The ceilometer MLH algorithm7) applies a Haar wavelet transform to locate the strong negative gradient in the aerosol backscatter at the top of the mixing layer8) (see Figure 2). The wavelet algorithm is applied to the 10 minute averaged, range- and overlap-corrected, backscatter profile within a vertical domain of 90-3000 m. Furthermore the upper range limit is restricted by the lowest cloud base and the SNR<1 height. The latter is the height where the SNR (signal-to-noise-ratio) drops below 1, indicating the range for which the backscatter signal is assumed to be reliable enough for MLH estimation. The algorithm is able to estimate up to two mixing layer heights, referred to as MLH1 and MLH2. A quality index has been introduced to make a first estimate of the reliability of the derived mixing layer height. This index is related to the difference in backscatter just below and above the estimated mixing layer height. Time series of the MLH detection hold information on the consistency of the results.

Figure 3. LD-40 backscatter contours and derived mixing layer heights for Cabauw on July 27th, 2002. Legend: MLH1 (black dot), MLH2 (white dot), wind profiler MLH (blue square), SNR<1 height (red line). The MLH1 quality indices are represented by the dots

Case studies

The backscatter contour plot and resulting MLH estimates for Cabauw on July 27th, 2002 are shown in Figure 3. The development of a convective mixing layer is clearly observed, with a sharp and strong decrease in aerosol backscatter between the mixing layer and the free atmosphere. The resulting MLH time series shows a low variability between successive points. The build up of the convective layer is disturbed around 1400 UTC by the development of cumulus clouds on top of the mixing layer. These clouds restrain the algorithm from detecting the mixing layer height successfully. Around 1730 UTC a new aerosol layer is observed, which extends between 200 and 500 m above ground level during the evening. The occurrence of this layer coincides with a change in wind direction and marks the advection of an air mass containing aerosol from a different source area. During the first two and last three hours of this day, a secondary MLH is detected above the elevated aerosol layer. This secondary MLH is associated with the top of the so-called residual layer.

Figure 4. Monthly mean diurnal cycle in January, April, July and October for De Bilt (2000-2005), of MLH1 (red), MLH2 (green) and the SNR<1 height (blue).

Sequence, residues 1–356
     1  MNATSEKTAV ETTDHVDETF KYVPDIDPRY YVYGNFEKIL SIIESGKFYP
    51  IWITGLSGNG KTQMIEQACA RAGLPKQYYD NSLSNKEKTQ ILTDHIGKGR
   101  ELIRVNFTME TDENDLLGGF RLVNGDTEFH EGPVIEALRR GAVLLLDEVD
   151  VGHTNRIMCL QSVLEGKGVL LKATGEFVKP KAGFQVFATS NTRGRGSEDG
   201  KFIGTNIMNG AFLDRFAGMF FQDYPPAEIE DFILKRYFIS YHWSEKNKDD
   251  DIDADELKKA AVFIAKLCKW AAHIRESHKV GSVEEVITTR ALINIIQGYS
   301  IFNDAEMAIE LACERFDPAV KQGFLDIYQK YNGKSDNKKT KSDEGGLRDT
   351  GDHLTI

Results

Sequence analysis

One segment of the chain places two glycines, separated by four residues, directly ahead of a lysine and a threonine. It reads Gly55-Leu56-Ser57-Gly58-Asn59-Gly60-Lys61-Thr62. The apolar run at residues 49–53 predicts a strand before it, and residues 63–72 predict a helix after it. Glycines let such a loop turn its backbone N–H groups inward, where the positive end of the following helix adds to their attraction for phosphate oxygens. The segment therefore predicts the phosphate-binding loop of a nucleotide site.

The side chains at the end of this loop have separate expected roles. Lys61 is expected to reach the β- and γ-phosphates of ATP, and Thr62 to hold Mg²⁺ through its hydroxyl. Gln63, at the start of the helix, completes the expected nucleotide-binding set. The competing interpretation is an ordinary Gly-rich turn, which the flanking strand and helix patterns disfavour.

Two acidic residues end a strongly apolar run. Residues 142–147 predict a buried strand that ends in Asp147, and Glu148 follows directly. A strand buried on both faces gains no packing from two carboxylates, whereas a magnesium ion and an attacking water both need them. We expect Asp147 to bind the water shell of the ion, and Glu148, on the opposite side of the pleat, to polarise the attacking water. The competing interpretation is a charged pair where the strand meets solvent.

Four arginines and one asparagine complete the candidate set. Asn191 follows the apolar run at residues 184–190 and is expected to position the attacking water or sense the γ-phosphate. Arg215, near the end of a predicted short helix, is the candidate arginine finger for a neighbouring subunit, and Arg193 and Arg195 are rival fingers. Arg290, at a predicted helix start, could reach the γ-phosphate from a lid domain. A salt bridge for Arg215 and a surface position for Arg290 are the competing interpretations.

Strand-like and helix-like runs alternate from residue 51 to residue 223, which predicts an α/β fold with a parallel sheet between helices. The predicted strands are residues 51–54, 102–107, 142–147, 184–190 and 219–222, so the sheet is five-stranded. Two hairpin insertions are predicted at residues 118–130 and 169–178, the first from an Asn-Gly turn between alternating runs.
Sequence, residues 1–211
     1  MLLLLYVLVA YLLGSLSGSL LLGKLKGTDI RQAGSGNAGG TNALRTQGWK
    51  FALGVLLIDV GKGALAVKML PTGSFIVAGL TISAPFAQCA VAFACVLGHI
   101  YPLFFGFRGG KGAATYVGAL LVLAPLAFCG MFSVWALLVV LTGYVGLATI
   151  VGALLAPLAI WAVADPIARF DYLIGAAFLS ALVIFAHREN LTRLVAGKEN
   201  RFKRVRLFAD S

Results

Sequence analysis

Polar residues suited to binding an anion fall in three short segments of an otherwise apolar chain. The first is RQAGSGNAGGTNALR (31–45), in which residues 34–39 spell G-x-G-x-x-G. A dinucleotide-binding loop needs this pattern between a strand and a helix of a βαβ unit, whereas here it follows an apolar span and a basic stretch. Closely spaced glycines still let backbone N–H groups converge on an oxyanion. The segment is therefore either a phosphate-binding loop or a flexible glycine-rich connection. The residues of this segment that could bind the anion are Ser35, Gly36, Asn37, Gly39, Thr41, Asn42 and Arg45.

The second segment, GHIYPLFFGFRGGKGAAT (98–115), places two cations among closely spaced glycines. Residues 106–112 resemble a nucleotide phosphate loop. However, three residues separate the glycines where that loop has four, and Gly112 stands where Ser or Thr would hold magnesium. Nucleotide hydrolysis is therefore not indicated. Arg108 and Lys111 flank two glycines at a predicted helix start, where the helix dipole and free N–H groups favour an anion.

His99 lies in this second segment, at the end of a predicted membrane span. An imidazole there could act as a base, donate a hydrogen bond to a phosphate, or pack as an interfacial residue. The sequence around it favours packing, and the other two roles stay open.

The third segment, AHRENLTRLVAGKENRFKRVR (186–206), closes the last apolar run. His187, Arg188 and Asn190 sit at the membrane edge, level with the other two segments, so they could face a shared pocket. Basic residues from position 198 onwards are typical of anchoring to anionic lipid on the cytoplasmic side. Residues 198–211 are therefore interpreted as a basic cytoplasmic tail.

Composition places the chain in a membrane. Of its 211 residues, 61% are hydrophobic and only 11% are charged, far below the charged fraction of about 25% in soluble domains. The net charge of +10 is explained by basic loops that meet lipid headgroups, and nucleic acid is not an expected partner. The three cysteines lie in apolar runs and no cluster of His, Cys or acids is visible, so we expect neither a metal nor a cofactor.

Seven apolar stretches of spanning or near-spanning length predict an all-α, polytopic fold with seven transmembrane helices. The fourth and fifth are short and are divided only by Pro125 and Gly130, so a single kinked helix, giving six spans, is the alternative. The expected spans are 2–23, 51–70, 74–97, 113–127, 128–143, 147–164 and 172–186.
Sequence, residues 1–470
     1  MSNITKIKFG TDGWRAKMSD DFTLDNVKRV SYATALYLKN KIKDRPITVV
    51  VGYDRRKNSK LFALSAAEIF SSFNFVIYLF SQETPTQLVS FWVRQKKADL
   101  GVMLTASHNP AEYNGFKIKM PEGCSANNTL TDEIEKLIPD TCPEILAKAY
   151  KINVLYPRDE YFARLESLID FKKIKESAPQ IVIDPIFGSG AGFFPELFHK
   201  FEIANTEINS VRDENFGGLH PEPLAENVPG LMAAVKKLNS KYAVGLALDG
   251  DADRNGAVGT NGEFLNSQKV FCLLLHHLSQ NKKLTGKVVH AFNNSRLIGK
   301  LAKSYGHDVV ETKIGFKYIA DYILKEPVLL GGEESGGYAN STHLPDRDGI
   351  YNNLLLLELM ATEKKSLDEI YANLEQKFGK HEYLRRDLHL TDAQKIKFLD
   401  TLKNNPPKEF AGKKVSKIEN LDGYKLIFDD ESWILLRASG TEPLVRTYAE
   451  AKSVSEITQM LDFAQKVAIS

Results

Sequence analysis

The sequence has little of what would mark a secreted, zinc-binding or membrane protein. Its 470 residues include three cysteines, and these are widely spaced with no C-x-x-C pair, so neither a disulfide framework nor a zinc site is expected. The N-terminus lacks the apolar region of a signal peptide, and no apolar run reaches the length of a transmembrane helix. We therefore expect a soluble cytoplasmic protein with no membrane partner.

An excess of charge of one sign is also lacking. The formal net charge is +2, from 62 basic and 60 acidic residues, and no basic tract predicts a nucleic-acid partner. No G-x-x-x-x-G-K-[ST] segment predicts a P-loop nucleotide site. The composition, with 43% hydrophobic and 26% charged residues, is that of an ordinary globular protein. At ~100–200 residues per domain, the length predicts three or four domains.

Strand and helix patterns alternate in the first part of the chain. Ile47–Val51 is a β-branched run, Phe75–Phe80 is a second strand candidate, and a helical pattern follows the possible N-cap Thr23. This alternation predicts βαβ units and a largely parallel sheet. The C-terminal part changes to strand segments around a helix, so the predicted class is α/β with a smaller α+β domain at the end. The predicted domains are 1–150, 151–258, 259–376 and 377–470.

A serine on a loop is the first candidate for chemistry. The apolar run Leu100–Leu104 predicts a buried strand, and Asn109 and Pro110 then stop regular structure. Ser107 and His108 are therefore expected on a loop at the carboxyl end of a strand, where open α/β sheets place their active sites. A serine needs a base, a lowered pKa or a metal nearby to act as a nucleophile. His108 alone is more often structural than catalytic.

Six years of backscatter profiles (2000-2005) from the LD-40 at the KNMI test field in De Bilt have been used to assess the overall performance of the ceilometer MLH algorithm with respect to the monthly availability and reliability of the MLH estimates7). The monthly mean diurnal cycle of the mixing layer heights and the SNR<1 height for January, April, July and October are shown in Figure 4, representative for the winter, spring, summer an autumn season, respectively. The typical shape of the development of a convective mixing layer is observed, as well as an evident annual cycle of the amplitude of the diurnal variation. However, the monthly mean MLH1 during daytime observed for spring and summer months is lower than expected. Further research showed that the ceilometer is unable to detect most of the deep mixing layers heights, especially under strong convective conditions. One must keep in mind that the ceilometer MLH algorithm needs sufficiently high aerosol concentrations in order to be able to derive a MLH. Since the backscatter signal of aerosol is much less than for clouds, the sensitivity and hence the range of a ceilometer for MLH detection is much less than for cloud base detection. The overall detection rate for MLH1 is between 42 % (December) and 60 % (June). However, the relative contribution of ‘Weak’ and ‘Poor’ detections increases with increasing detection rate. Hence, the higher daytime values of mixing layer height as observed for April and July in Figure 4 generally coincide with lower quality indices. This is related to the enhanced vertical variability in the backscatter signal and hence the increased chance on a faulty MLH detection on a less pronounced jump in the aerosol backscatter. The most important reason for the lower detection rates during the winter months is the frequent occurrence of weather conditions, like fog, rain and clouds, which inhibit a successful MLH detection. Note that in case of boundary layer clouds the cloud base height can sometimes be used as an approximation for the MLH.